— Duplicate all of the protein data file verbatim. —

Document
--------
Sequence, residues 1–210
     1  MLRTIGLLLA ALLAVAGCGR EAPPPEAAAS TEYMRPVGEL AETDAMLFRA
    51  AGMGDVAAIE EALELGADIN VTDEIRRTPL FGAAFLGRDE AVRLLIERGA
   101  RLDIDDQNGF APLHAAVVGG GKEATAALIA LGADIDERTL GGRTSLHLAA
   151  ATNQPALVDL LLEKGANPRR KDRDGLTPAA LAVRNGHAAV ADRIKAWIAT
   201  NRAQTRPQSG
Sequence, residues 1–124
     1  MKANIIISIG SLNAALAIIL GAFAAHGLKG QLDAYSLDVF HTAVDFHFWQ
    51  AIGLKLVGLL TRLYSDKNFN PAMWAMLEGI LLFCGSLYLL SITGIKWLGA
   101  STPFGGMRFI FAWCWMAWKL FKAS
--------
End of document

Sequence, residues 1–210
     1  MLRTIGLLLA ALLAVAGCGR EAPPPEAAAS TEYMRPVGEL AETDAMLFRA
    51  AGMGDVAAIE EALELGADIN VTDEIRRTPL FGAAFLGRDE AVRLLIERGA
   101  RLDIDDQNGF APLHAAVVGG GKEATAALIA LGADIDERTL GGRTSLHLAA
   151  ATNQPALVDL LLEKGANPRR KDRDGLTPAA LAVRNGHAAV ADRIKAWIAT
   201  NRAQTRPQSG
Sequence, residues 1–124
     1  MKANIIISIG SLNAALAIIL GAFAAHGLKG QLDAYSLDVF HTAVDFHFWQ
    51  AIGLKLVGLL TRLYSDKNFN PAMWAMLEGI LLFCGSLYLL SITGIKWLGA
   101  STPFGGMRFI FAWCWMAWKL FKAS